• While pushing the upper body off the forearms, lift the trunk until it is in a V position. Lower weight & legs back to the Starting position.
  • Do 2–3 sets of 20 reps in a session. Do two sessions per day.
Lying Dumbbell Leg Raise
Lying Dumbbell Leg Raise

Overhead Ball Floor Tap

  • How to do this exercise:
  • To perform this exercise the patient has to Lie with faceup on the floor holding the medicine ball overhead with elbows facing the sky.
  • Sit up explosively, bringing your legs into a wide V & lifting your feet; tap the ball on the ground between your legs.
  • Lower back to start, tapping the ball on the ground behind you with arms extended.
  • Do 2–3 sets of 20 repetitions in one session. Do three sessions in one day.
Overhead Ball Floor Tap
Overhead Ball Floor Tap

Lying Dumbbell Crunch

  • How to do this strengthening exercise: To do this exercise a patient has to Lie on faceup, left ankle crossed over the right knee, right arm extended behind the head grab a light dumbbell in the right hand a few inches from the floor.
  • Lift right shin parallel to the floor. Keeping left arm straight & right foot elevated, crunch up, bringing right hand toward the left shin, lifting head & upper back off the floor.
  • Keep the left hand on the floor at the side.
  • Do twenty crunches, make sure the head & feet are lifted; switch sides, and repeat. Do 2–3 sets on each side.
Lying Dumbbell Crunch
Lying Dumbbell Crunch

Overhead Barbell Sit-up

  • How to do this strengthening exercise: To do this exercise the patient has to Lie in a faceup position on the ground holding up a 20-pound barbell or Body Bar over the shoulders, arms extended. Raise head & neck off ground, engaging abdominals.
  • Sit up, lifting trunk & barbell upward until upper body is perpendicular to the floor. Slowly lower back to the starting position, and keep the abdominals engaged.
  • Do 2–3 sets of 20 repetitions.
Overhead Barbell Sit-up
Overhead Barbell Sit-up

When did the patient not do the Rectus abdominis strengthening exercise?

  • If the doctor advised you to take rest.
  • If he is recently undergone abdominal surgery.
  • If the patient feels any pain or discomfort while these exercises.
  • If the patient has acute back pain, you take advice from a Physiotherapist before doing any exercise.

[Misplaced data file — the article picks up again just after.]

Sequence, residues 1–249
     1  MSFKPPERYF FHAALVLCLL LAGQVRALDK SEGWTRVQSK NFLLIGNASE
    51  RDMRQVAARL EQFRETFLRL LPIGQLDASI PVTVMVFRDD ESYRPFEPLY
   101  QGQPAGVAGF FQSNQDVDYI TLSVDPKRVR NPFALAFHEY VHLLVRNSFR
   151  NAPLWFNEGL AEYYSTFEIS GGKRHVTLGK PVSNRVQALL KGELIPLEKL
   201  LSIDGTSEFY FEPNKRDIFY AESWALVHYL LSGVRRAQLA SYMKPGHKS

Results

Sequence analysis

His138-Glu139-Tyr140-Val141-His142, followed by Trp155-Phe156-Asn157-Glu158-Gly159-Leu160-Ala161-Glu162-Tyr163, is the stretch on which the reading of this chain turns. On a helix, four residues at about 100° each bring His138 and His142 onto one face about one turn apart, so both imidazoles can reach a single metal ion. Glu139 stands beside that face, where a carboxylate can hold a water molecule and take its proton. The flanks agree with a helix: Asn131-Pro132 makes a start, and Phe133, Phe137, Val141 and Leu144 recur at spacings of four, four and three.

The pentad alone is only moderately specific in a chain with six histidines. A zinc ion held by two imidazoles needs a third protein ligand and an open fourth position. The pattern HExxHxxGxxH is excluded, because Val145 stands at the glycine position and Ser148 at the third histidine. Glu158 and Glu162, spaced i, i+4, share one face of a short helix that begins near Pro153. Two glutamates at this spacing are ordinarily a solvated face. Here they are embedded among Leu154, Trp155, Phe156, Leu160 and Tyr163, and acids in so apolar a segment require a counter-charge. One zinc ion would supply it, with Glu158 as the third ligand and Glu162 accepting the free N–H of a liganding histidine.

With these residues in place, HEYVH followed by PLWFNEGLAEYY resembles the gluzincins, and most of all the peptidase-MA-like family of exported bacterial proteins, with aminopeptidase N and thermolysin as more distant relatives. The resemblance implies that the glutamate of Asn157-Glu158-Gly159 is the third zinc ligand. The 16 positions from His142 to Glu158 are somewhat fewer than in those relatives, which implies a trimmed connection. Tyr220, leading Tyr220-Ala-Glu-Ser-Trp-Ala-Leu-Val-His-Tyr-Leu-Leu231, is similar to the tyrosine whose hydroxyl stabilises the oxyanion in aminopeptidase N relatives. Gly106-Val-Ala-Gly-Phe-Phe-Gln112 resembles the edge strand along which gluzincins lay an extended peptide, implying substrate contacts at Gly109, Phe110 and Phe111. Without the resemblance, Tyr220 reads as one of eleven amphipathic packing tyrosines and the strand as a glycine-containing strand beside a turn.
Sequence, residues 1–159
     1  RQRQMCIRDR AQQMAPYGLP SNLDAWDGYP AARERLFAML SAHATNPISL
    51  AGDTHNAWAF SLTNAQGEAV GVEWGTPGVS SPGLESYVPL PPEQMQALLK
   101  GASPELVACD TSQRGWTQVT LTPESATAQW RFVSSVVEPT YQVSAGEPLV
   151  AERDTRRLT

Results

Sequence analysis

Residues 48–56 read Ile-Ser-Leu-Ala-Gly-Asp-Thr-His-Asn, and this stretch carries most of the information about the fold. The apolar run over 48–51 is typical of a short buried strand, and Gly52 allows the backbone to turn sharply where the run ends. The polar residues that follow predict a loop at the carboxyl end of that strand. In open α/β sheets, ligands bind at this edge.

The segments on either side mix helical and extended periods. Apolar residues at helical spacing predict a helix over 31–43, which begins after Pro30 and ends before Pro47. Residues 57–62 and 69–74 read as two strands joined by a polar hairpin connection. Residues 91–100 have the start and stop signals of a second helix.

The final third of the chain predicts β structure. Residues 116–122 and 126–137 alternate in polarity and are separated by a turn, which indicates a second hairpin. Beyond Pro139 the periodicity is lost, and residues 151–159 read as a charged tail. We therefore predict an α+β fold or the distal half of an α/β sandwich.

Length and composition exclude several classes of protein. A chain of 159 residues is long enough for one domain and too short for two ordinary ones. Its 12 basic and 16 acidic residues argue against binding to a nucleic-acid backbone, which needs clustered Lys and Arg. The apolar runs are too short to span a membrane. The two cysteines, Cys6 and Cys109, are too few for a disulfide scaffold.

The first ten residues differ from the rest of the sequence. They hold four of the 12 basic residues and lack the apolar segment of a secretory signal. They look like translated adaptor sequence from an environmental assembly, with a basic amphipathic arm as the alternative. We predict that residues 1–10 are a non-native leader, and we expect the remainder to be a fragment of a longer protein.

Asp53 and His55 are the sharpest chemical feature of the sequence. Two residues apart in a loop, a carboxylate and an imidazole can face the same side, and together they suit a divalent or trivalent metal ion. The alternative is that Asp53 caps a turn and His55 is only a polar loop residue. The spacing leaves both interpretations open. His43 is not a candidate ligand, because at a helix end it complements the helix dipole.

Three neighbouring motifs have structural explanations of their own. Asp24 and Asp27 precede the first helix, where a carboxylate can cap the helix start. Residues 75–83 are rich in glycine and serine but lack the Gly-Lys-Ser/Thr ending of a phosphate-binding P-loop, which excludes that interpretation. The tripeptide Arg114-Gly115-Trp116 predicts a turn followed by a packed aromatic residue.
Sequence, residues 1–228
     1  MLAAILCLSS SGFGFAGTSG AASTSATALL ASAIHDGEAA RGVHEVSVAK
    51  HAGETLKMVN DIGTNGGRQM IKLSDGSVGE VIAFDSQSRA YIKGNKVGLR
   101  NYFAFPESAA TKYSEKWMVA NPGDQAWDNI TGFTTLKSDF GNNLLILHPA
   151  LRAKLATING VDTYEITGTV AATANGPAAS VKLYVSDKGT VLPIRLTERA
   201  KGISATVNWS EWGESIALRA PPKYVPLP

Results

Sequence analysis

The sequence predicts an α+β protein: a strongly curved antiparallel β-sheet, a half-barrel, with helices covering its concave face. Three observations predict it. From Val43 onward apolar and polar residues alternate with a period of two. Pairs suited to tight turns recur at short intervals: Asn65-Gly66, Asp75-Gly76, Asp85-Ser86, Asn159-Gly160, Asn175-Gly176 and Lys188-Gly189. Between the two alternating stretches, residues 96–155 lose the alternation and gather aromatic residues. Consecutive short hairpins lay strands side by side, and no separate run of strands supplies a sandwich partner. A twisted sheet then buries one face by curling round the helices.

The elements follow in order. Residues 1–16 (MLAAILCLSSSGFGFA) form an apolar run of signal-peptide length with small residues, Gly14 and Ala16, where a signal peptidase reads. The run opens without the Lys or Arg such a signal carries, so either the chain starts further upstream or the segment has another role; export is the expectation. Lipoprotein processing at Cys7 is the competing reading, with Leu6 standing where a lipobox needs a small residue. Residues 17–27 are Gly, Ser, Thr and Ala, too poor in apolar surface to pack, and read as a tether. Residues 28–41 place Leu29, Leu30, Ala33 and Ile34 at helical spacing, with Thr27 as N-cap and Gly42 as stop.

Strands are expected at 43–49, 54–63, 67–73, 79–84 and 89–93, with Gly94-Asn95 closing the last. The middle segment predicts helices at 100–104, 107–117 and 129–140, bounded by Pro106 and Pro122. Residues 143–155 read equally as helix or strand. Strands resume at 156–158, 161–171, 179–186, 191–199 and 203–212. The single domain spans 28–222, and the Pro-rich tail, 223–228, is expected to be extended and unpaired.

• If he has slipped disc in Back or sciatica pain.


What is the best exercise for strengthening the abdominals?

Crunch. Crunches are a classic core-strengthening move. The act of lifting the upper body works the abdominal muscles. If the patient has occasional low back pain, do crunches with care — move slowly and start with just a few reps.

How does the patient test the strength of the rectus abdominis?

MMT for rectus abdominis is usually done by asking the patient to bring his/her trunk against gravity from a supine position until the inferior angles of the scapula are off the table, and the therapist will start grading according to the patient’s performance and ability to do the movement as instructed.

Why is the rectus abdominis important?

It helps maintain internal pressure in the abdomen. Rectus abdominis: This pair of muscles goes down the middle of the abdomen from the ribs to the front of the pelvis. The muscles hold the internal organs in place & keep the body stable while moving.

Do planks give the abs?

The plank is the perfect isometric exercise for building abs. Add them to the routine three times per week or just get on the floor at home and knock them out daily. The patient will find that he has a flatter, more toned stomach in mere weeks.

Which plank is best for abs?

Front planks are a great way to work the abs & obliques. Some people complain that you can’t get a ‘six-pack’ look by doing planks.

Do planks work rectus abdominis?

Though the patient is balancing the body weight on the arms & toes, most of the work in a plank is done by the core. In particular, the rectus abdominis, obliques, & transverse abdominis are utilized